Mi Buenos Aires Querido

perry

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I read this on the internet and wanted to post it . Your comments always appreciated.



Wednesday, May 6, 2009

Mi Querido Buenos Aires


Walking into the airport last weekend, full of eager anticipation, I was immediately greeted by her strong porteño accent. I felt like bathing in the cool spray of her heavily-accented words, the hard break tide of ll’s and y’s, the wave-like expressions of “por allá” and “bárbaro,” the refreshing shower of Spanish spoke well and with flavour. At once I slipped back into the rhythm of the language like sliding in between the sheets of an ex-lover’s bed: a little tentatively at first, but reminded with each kiss and caress of a former familiarity, an earlier ease with lovemaking.
Upon leaving the airport, however, barely-contained excitement turned into brutal sock and bitter recoil. Skyscrapers towered above my head, traffic roared around me, and the hovering spectre of a Starbucks made its imposing presence felt. I realized that Buenos Aires had found a new lover: globalization. In my long absence, high-rises had sprung up, prices had soared, and international franchises had appeared. Taking one look at me, the natives bombarded me with English, the city’s new language of love, one that had never entered the bedroom during our relationship (Like any liberal-minded offspring of a conservative family, Buenos Aires always had trouble fully accepting the interracial nature of our relationship. I was always a little dark for her tastes and our friends often remarked with surprise at seeing us together).
I suppose that I had taken advantage of the city’s earlier naiveté, her cheap prices, global aspirations, and growing ego. I had assumed that she was young and innocent and had taken on the role of the older, more experienced partner. But instead of acting like a guide, I exploited her inexperience. I couldn’t help but inwardly sneer every time she peered up at me out of her young eyes, knowing that I’d have to pay so much more for the likes of her in Europe; fully aware that the tender caresses she eagerly showered upon me would only be obtained by diamond rings, dozens of roses, and humiliating grovelling at the feet of more sophisticated, much more experienced Europe.
In spite of this, it seemed that Buenos Aires had matured over the past few years. My darling girl had changed. She was more physically confident for one, charging for those flashes of skin and passionate kisses that she had been willing to give me for free. She had discovered her worth, how much money she could actually make by selling her body to the new, growing line of international clients, but had lost a bit of her soul in the process. Her elegant floor-length, black dresses had been replaced by gaudy, shimmery slip-ons that barely covered her thighs.
At first I didn’t recognize this ripe, full-bodied woman as my teenage sweetheart. The stench of the perfume that she’d taken to wearing and her shiny skin revolted me, and her empty promises, her meaningless flirtations left me unsatisfied. I made up my mind to keep up my distance (I had spent too long mourning our last relationship, for months I cried out for her at night. Like any first love, she was impossible to forget and I couldn’t help but compare every following lover to her), but I quickly discovered that she had learnt new tricks along the way, tricks that left me hungry for more. I gorged myself on every form of pleasure she had to offer, every succulent morsel, every tantalizing embrace. I make myself sick by my overindulgence, but I can’t slow down, I can’t control myself. She humours me for now; we both know that this tryst will only last until the end of this week.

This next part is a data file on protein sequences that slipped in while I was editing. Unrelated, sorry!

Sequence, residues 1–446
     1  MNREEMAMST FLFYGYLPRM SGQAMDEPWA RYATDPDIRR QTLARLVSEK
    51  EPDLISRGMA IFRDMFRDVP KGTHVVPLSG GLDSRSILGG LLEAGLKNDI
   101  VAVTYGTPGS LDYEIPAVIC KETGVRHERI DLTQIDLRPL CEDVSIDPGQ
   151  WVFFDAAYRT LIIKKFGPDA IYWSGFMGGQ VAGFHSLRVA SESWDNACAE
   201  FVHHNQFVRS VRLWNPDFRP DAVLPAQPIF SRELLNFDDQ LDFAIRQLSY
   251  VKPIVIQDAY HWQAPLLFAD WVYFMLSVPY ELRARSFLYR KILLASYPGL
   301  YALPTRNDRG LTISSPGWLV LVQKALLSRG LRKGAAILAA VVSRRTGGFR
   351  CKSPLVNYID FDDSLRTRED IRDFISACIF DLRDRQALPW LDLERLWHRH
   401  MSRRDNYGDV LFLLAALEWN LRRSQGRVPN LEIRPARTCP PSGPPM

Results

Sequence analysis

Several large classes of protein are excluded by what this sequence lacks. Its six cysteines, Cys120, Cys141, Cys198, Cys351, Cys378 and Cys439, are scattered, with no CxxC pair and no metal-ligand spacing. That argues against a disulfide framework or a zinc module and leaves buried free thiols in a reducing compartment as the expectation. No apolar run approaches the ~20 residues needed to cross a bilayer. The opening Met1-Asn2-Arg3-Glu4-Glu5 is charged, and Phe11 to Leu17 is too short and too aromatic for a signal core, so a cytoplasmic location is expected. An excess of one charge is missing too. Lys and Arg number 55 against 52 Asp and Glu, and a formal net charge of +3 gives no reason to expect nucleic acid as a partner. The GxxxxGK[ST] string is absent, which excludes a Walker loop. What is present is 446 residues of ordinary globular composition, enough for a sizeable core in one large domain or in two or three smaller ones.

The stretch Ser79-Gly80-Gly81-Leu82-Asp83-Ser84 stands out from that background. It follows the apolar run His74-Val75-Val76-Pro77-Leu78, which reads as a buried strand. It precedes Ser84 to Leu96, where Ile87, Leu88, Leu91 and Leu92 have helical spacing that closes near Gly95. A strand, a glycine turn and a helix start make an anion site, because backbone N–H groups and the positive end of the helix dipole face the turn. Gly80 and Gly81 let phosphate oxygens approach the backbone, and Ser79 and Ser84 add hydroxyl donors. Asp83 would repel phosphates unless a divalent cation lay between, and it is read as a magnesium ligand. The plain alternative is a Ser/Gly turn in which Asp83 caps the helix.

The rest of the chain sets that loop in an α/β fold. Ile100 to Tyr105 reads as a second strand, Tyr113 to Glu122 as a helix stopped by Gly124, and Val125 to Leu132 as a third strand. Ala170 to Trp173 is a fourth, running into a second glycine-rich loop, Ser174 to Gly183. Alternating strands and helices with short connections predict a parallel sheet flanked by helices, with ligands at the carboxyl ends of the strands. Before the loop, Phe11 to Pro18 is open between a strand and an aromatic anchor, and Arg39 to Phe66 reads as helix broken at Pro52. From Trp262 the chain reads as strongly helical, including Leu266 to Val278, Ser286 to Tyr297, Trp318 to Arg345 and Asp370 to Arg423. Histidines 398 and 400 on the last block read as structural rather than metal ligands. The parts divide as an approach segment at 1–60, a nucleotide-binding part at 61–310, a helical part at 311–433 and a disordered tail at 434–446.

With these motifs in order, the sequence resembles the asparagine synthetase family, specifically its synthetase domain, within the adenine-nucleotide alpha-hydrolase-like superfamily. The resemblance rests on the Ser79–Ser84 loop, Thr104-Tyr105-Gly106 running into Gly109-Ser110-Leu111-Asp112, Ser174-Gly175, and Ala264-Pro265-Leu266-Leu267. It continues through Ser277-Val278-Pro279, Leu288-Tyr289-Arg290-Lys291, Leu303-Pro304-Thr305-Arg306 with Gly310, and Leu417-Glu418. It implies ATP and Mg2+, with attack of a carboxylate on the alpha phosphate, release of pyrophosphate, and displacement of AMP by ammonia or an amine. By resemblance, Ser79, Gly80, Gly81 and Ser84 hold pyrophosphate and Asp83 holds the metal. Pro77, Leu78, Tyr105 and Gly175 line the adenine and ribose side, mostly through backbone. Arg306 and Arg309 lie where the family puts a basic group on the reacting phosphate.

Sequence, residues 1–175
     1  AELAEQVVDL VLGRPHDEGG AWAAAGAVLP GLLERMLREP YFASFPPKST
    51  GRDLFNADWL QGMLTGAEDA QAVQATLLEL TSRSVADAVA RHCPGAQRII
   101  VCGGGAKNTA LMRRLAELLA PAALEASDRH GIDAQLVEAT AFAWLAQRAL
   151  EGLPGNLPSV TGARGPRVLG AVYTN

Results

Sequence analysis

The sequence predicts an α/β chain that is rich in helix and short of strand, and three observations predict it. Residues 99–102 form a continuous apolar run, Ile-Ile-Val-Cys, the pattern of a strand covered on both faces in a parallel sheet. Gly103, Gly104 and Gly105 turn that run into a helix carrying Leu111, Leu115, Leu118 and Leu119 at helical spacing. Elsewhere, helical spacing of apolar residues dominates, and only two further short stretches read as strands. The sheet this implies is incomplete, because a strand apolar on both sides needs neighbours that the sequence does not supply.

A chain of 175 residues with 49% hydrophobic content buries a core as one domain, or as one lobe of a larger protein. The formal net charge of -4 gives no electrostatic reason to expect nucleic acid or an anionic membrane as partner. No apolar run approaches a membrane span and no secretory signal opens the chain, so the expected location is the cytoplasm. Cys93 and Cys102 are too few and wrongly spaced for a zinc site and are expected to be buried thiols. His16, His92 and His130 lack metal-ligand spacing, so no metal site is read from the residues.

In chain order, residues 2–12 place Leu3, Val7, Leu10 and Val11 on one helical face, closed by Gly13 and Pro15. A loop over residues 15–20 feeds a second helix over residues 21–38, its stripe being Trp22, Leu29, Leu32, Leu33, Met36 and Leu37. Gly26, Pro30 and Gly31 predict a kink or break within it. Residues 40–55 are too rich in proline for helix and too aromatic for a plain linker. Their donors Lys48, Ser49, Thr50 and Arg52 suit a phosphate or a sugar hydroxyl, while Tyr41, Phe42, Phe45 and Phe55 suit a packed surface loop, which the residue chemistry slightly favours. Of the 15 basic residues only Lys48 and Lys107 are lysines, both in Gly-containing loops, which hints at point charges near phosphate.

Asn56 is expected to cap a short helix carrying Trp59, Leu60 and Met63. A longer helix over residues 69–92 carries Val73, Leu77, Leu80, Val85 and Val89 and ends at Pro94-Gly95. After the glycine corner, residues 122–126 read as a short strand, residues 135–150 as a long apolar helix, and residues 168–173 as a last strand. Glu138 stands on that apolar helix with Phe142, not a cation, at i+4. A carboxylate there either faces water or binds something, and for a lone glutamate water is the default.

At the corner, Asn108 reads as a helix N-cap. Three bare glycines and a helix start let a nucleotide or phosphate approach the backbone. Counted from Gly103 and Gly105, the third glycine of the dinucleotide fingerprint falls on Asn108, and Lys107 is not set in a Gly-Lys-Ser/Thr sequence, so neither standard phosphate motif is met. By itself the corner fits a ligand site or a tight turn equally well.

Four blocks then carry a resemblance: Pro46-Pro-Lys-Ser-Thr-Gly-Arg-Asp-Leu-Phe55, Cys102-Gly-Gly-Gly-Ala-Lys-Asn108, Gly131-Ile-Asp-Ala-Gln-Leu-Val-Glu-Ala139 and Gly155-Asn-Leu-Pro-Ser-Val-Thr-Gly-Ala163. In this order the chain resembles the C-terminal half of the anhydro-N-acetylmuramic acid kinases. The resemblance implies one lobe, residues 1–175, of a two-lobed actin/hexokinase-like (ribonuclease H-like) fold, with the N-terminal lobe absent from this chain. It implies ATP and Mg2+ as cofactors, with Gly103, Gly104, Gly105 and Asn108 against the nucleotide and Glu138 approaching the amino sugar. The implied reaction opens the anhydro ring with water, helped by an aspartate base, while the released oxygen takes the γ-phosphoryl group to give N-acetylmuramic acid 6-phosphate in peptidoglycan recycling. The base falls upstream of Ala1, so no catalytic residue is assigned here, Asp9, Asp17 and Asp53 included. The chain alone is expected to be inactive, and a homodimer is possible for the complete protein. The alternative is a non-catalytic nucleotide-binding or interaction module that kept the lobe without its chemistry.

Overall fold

Still, it’s not enough. I want her for the long haul, I want to take possession of her; I don’t want to share her with anyone else. I know I should cherish the little time we have together, but with every passing minute I can only cling to her more desperately. I came crawling on my knees, begging her to take me back, but she no longer has a place for me. Besides, business has been so good that I just can’t afford her (It took me a while to find out that she’s still living in that dilapidated apartment that she can barely afford, with its sky-high rent and the constantly rising prices. She’s afraid that her beauty won’t last and is trying to earn as much as possible now, even if she ruins her health in the process). So I make the most of our few days together, dreading the moment when I will have to leave her again. Despite the distance and the years separating us, she will live on in my memories and my heart. We both know that she will forever remain, Buenos Aires, mi querido.

http://poojainparaguay.blogspot.com/2009/05/mi-querido-buenos-aires.html
 

Ries

Registered
Cute piece, but-
Couldnt you say this exact same thing about every city in the world?

Change is inevitable, and we all tend to romanticize our memories.

Still- "the hovering spectre of Starbucks"?

There is ONE Starbucks in BsAs.
and after its initial opening rush, its not even that full most days.

I have been in cities where you could stand on a corner and see 4 of the damn things.

Frankly, Buenos Aires is a lot LESS globalised than virtually any city its size that has an international airport. I suppose there are cities in China that are bigger that are still somewhat isolated, but compared to any european or north american or mainline asian city in its size range, the lack of Multinational Corporate outlets is notable.
 

HDM